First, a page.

Using the SIGMA 120 – 400mm LENS | 50 – 500mm LENS
My photos have been published in National Geographic magazine, graced the cover of Audubon magazine and been featured in many online blogs and publications. And when I tell photographers that my go-to wildlife and birding kit is a Sigma 120-400mm mounted on Rebel T2i, it often takes a second for that information to sink in. I highly recommend this lightweight, variable aperture zoom lens with great reach and range.
Take, for example, this image of a Common Tern chick named “Scooter.” I’ve been asked if this was made with an 800mm prime! He is three days old and is running toward me anticipating his parent to land. Granted I had to wait for a couple of hours for him to come out of his safe haven, but the wait was worth it.
Other evidence that Sigma lenses can offer you high quality and tack sharp images is that I have been published in three books, an international magazine (National Geographic), a national magazine (National Audubon Society), a local magazine (Long Island Sound Study), Getty Images and consistently have inquiries.
The 120-400mm gave me the opportunity to capture tender moments. Scooter’s parent is brooding, and because I was laying down without a tripod, both of them did not see me as a threat. A great moment for all of us. As days passed, Scooter was more independent and did not require the sense of security his parents offered.
Here is a photograph of an immature Peregrine Falcon. He is sitting on a crest of a sand dune waiting for smaller shorebirds (Sanderlings or sandpipers) to forage nearby. Again, even with this lens, I was able to walk around for miles without tiring and it was non-threatening enough to allow me to approach without scaring the juvenile off. Slowly, I lowered myself onto the ground and took this photograph.
I have found during the years of my photography of wildlife, especially with my focus of shorebirds, that this particular lens, allows me to walk for miles while carrying it in my hands without the bulk and tiring me out. It allows me to be in peculiar positions to photograph my subjects without the strain on my wrists or back. Finally, the small size and light weight feel brings me close enough to my subjects to get the great in-focused shots, without alienating their natural behavior. This is the utmost important factor – not to alienate my subjects. After all, I am an uninvited guest in their territory.
The photographs render tack sharp images and allows close proximity to my subjects. I think it is imperative to get close up shots of your subjects, but to keep in mind, the 120-400mm and 50-500mm lens allows you to do so. This gives you a great reach and I believe the final shots are pretty awesome. At least awesome enough to impress Getty images and a surplus of other well established magazines and publishers.
With the 50-500mm Sigma lens, I was able to lay down in the wet sand, hold the base within the palm of my left hand and shoot with my right index finger while the Semipalmated plover was foraging along the shoreline for crustaceans and invertebrae.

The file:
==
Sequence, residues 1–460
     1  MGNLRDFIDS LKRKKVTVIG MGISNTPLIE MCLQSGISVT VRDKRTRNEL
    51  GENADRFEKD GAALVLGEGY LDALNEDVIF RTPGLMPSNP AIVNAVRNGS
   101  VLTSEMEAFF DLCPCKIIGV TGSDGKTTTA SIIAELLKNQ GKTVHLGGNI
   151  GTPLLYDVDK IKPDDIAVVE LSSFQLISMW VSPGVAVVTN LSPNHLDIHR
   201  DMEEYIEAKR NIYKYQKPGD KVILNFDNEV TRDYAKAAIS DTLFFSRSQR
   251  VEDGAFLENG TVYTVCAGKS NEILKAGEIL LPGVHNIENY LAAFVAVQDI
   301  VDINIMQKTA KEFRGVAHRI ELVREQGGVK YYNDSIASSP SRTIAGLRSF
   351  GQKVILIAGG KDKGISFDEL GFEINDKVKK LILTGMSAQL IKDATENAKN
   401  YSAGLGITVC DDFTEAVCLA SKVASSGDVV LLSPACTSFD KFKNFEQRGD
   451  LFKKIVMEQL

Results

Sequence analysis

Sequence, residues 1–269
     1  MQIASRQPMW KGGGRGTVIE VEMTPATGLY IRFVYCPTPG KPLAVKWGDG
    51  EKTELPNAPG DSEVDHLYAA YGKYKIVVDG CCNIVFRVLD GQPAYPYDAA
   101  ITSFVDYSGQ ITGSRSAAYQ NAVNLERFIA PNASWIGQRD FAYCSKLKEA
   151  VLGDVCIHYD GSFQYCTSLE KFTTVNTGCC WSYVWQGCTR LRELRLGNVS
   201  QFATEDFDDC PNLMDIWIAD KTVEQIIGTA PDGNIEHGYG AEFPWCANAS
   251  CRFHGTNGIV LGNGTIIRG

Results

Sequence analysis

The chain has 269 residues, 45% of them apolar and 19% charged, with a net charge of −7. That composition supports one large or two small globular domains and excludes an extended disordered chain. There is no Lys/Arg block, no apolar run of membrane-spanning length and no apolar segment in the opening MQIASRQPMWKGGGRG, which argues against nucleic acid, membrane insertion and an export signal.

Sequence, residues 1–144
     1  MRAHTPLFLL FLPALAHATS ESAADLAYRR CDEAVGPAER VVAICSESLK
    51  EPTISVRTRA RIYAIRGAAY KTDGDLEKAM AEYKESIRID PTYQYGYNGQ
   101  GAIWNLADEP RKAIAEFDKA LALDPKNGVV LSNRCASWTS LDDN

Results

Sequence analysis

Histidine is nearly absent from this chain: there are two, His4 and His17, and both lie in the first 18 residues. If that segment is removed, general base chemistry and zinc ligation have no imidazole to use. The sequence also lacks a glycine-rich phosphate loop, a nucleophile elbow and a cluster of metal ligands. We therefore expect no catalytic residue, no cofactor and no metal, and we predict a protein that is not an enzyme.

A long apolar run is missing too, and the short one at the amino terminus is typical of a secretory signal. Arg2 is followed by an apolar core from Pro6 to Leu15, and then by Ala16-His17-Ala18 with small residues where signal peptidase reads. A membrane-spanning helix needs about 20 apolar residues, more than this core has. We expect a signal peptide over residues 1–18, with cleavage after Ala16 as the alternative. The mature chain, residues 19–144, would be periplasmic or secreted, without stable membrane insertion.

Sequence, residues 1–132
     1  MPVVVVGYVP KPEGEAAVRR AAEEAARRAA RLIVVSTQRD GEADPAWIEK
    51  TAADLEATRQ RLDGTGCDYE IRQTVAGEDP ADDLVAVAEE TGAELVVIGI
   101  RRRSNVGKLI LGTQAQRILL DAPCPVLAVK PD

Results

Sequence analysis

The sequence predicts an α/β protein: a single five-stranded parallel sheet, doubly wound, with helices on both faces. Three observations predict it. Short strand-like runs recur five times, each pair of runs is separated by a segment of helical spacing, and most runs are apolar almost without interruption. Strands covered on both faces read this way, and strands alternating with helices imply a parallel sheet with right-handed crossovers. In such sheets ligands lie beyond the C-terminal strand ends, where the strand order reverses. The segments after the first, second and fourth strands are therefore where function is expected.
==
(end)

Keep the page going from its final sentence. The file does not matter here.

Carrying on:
A couple of weeks later, early in September, the Semipalmated Plover was foraging in the left over puddles of ocean water from the high tide. The puddles offered a nice reflection. Again, the size of the 50-500mm did not scare off the shorebird. The quiet OS and quick focus enabled me to repetitively photograph him in different positions.
Here’s the dynamic duo of the Snowy Egrets. As wildlife photographers, I am sure you have been in the presence of them during your visits at the beach on the Long Island Sound. They definitely have personalities of their own. I find that if you slowly move toward them and crouch down, they will hunt and perform their antics right in front of you.
Finally, one of my favorite shorebirds is the Piping Plovers. These are endangered species and they are prominent where I live on the North Shore and South Shore. Many efforts by trained conservationists, the DEC as well as photographers like myself attempt to educate the public of the fragility of this species. It is imperative as a photographer of Piping Plovers to be sensitive to their natural instinct to protect and to abandon their young if you approach too close to attempt to deter you from them. This leaves the baby chicks vulnerable to prey or to be stepped on. Please be careful where you step when it is breeding season and the chicks are hatched. When it is time to forage, they make a direct bee-line from their nesting site down to the water. As a photographer this is great information to know because you don’t have to invade their territory to get awesome shots, let them come to you because you are aware of their habits. They forage along the break of the water with their babies. Anticipate their path and place yourself there. They will eventually come to you.
About Lisa: I grew up in Loudonville, New York, attended Shaker High School, Albany Business College and Maria College of Albany (Nursing). I moved to Long Island in the year of 2001 working as a Registered Nurse.
While growing up, I was always interested in birds, mainly passerines, and I believe this interest as a child inspired me to continue my interest once I received my first digital camera. My interests of wildlife photography is specific to shorebirds of the North and South Shores of Long Island New York. The two top favorites are the Piping Plovers and Least Terns, in which both species are endangered and protected by our Federal Government. My next favorite of the most colorful of personalities, is the threatened species is the Common Terns.
I have learned a lot about the behaviors of these birds through long hours of observation and consider myself fortunate to be able to capture a special moment when it happens.